|Michigan Tech Opens New Research Center|
Michigan Tech Opens New Research Center
July 30, 2012/The Detroit News
By Jim Lynch
Houghton — One could argue there has never been a better time for Michigan Technological University to unveil a $25 million research facility to address the most pressing issues of the Great Lakes.
A seemingly endless list of problems faces the lakes these days — from invasive species to climate change — that call into question the future of the region’s greatest natural resource.
On Thursday, the school in the Upper Peninsula’s northwestern corner will dedicate its new 50,000-squarefoot Great Lakes Research Center along the Keweenaw Waterway — a short boat ride from Lake Superior. The center and its faculty are dedicated to researching the Great Lakes’ issues and helping map a course for managing the world’s largest source of fresh water.
Michael Abbott, the facility’s director, has high hopes for what the center can become. “I see this as a place where, finally, we can bring people together who are interested in research relating not only to Lake Superior but all of the Great Lakes — from government agencies to educational institutions throughout the Midwest,” he said.
The project came together in 2008 when more than $18 million became available in the state’s annual capital outlay. Michigan Tech offered up the shovel-ready project and the rest of the funding.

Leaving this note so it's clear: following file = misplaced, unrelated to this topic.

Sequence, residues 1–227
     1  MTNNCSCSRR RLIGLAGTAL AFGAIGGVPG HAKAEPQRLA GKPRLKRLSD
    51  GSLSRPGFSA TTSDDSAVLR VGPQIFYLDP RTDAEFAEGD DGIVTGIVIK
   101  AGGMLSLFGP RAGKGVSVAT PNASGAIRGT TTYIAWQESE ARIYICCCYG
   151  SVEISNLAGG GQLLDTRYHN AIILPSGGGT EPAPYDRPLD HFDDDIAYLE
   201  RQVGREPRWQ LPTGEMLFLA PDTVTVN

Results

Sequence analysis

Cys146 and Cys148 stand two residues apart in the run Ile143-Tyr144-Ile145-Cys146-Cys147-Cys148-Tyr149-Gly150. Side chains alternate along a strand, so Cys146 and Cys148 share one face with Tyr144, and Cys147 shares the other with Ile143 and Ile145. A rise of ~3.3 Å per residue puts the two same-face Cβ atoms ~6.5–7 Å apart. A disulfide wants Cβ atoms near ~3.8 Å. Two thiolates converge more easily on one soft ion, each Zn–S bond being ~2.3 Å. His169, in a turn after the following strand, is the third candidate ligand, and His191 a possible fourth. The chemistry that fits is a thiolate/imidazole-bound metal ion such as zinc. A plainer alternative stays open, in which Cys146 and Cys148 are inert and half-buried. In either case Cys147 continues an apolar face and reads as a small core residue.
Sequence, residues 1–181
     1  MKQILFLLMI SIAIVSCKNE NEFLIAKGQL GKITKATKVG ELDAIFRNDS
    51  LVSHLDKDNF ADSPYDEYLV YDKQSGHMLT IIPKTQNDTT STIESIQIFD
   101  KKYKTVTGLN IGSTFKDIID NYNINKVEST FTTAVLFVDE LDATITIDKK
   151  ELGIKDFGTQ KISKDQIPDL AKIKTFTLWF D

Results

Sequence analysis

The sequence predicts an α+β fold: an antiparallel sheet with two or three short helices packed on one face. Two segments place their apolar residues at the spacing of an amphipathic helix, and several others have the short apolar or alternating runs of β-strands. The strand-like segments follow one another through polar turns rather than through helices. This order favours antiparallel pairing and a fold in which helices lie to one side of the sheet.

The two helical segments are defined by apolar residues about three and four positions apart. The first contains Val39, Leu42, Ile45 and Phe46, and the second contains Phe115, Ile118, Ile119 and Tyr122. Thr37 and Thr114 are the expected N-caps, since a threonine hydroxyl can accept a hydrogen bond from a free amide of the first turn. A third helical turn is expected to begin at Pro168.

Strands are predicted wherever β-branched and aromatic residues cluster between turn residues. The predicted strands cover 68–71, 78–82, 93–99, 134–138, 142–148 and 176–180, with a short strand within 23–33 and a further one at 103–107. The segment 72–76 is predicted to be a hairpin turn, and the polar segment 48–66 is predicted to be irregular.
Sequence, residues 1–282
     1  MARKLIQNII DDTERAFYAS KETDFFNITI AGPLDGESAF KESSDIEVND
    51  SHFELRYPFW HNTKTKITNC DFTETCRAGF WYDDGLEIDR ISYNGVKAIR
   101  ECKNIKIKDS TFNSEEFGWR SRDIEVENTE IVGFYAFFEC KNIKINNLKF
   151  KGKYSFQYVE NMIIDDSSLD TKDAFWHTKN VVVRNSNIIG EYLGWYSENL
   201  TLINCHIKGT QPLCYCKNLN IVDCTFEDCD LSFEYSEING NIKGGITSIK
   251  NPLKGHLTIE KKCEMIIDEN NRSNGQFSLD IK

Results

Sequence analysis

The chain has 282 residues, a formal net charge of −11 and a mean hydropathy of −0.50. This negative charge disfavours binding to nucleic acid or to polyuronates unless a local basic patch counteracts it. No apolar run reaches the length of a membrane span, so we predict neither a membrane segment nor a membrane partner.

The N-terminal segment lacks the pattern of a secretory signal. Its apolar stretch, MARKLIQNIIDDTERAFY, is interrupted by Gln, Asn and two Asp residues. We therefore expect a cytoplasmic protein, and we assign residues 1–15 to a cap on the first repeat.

What does $25 million buy in a scientific facility? The Great Lakes Research Center includes:
- Laboratories for limnology, or freshwater science; sediments; hydraulics; mass spectrometry; and exotic species.
- Aquatic labs that feature simulated stream tanks for study.
- A boat dock and lift for the center’s 37-foot research vessel, the Agassiz.
- A computer center that takes in data from the university’s 14 buoys in the Great Lakes as well as those operated by other scientific groups.
- A pair of underwater robots for research that came from the U.S. military after being used in Kuwait.
Some labs already are running experiments, and many of the offices are filling up with their new tenants. Inside, the building maximizes the use of natural light, is heated by air that is recirculated from another nearby building, and has the look of industrial loft space.
When all is settled, the center will be home to roughly 24 faculty, staffers and graduate students.
Guy Meadows is one of those who have cast their lot with Michigan Tech’s efforts. A transplant after 30 years on staff at the University of Michigan, he is now the director of Great Lakes initiatives for Tech’s research center. “Tackling these difficult and multidisciplinary issues requires an organization that brings together dedicated researchers, from all areas, to focus their collective energies and expertise on problems never before faced,” he said. “… The Great Lakes Research Center is that 21st century space.”
Far from being an administrator, Meadows is here as a scientist who is attempting to figure out how atmospheric changes have affected Great Lakes water levels. “The question we’re asking is, are the Great Lakes warming to the point that it will change the ice dynamics of the lake system?” he said.